Public Works: Turning Apartment Towers Into Close-Knit Communities
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Public Works: Turning Apartment Towers Into Close-Knit Communities

A building planned for Antwerp, Belgium, will provide high-rise–dwellers with tons of shared space and readymade neighbourhoods.

Public Works looks at public space, urban design, and city-building innovations from around the world, and considers what Toronto might learn from them.

Rendering courtesy of C.F. Møller & Brut.

When you live in a big urban apartment building, it can sometimes feel as if you must be the last living cell in a dead organism. While you know it stands to reason that there are dozens of individuals living beside, above, and below you, they never pass you in the hall, never meet you in the lobby, never knock at your door—and you find yourself wondering whether you really have neighbours at all or whether you are in fact in isolation, somehow, against all odds, in a hundred-unit tower, in a 3-million person city, all alone and unnoticed in a bleak urban cliché, and maybe it would make sense to start ordering pizzas when you aren’t hungry because at least there’d be some fleeting sort of human contact with the delivery kid, and the piles of boxes would make your place seem a little fuller.

The point is, residential towers are indispensable tools for high-density, low-sprawl city living, but they aren’t necessarily great for building community. But, with that drawback in mind, a team of architects and designers have planned a high-rise in Antwerp, Belgium, that will help residents get to know each other, interact, and share their lives without having to sacrifice privacy.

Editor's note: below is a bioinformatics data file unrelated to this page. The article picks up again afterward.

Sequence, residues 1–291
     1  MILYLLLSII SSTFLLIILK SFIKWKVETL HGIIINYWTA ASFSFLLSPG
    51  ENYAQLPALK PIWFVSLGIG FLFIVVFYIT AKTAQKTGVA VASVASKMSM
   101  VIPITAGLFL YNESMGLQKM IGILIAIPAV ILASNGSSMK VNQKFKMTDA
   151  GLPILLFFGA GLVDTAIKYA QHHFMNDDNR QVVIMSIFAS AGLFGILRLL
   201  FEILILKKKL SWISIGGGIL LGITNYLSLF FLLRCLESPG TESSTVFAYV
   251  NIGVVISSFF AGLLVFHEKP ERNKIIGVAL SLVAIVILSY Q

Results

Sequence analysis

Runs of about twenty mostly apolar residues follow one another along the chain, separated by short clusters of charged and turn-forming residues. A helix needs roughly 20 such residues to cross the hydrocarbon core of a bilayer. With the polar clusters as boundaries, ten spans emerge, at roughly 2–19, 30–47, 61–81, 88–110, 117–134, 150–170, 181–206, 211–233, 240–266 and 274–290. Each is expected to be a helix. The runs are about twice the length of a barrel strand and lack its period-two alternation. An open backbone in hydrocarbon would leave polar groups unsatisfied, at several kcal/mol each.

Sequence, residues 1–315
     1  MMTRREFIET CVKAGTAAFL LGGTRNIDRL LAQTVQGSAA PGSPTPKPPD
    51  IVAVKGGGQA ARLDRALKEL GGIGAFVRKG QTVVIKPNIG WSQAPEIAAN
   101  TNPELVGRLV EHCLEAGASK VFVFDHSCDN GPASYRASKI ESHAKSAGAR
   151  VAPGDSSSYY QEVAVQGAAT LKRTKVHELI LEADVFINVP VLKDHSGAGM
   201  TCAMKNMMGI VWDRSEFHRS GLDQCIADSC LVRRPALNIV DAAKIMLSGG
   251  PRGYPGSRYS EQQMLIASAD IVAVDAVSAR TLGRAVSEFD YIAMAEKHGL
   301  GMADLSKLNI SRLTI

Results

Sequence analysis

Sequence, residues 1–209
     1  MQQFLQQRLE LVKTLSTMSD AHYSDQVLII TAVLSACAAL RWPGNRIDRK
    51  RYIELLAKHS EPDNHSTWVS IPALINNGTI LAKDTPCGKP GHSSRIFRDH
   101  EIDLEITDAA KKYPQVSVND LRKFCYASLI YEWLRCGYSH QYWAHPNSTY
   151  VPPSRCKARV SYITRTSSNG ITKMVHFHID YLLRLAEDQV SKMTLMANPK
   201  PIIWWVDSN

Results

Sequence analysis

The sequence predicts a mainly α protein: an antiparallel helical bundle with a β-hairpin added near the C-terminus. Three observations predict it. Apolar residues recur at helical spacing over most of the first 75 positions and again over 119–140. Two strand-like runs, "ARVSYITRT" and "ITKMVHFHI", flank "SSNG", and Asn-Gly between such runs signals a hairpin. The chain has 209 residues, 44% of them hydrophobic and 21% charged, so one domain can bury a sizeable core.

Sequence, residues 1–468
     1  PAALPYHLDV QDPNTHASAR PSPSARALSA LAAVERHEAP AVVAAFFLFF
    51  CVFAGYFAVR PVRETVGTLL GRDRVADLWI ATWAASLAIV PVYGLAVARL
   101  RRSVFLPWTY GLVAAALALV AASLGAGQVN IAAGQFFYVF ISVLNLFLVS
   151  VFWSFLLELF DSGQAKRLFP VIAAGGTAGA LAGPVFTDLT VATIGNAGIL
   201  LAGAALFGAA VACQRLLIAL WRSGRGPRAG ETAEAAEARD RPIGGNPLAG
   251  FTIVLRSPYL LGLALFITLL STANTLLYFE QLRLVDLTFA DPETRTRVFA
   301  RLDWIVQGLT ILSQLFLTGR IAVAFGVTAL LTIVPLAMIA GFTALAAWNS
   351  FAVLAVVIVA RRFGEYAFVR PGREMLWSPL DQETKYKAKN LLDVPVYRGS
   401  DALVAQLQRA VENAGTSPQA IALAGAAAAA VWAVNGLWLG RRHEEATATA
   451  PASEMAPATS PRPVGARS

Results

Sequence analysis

The 24-storey mixed-use building is being promoted as a “vertical social community.” In addition to regular residential units, the plans include 5,000 square metres of communal spaces—a courtyard, a roof terrace, a communal dining area, a three-storey greenhouse-y space—where tenants can gather and socialize with neighbours.

The residential units are private, and grouped by category into tinier vertical communities. One cropping of apartments would be made up of small, student dwellings, say, while another would be comprised of larger family spaces. Each cluster of units will open onto a shared balcony or glassed-in “winter garden.”

winter gardens

This new twist on the apartment tower is expected to be built by 2017. And that’s fine for the Belgians, but what about here in North America, the natural habitat of the residential high-rise? Well, developers in New York are concocting new ways to keep apartment building residents segregated. In Toronto’s west end, meanwhile, there’s a group discussing the possibility of, not quite a vertical social community, but a “cohousing community”.

Toronto eCohousing Community (TECO) envisions a collection of 24 private units, complemented by a common house that would include communal kitchen, dining room, and other shareable space. Not quite as futuristic or comprehensive as a sleek European apartment tower, but it does advance the ideal of community-building in an often isolating city.

Urban life can be a hermetic experience, but it doesn’t have to be. Lives can be shared, connections can be made. And, with the right design innovations, that can happen right on our doorsteps.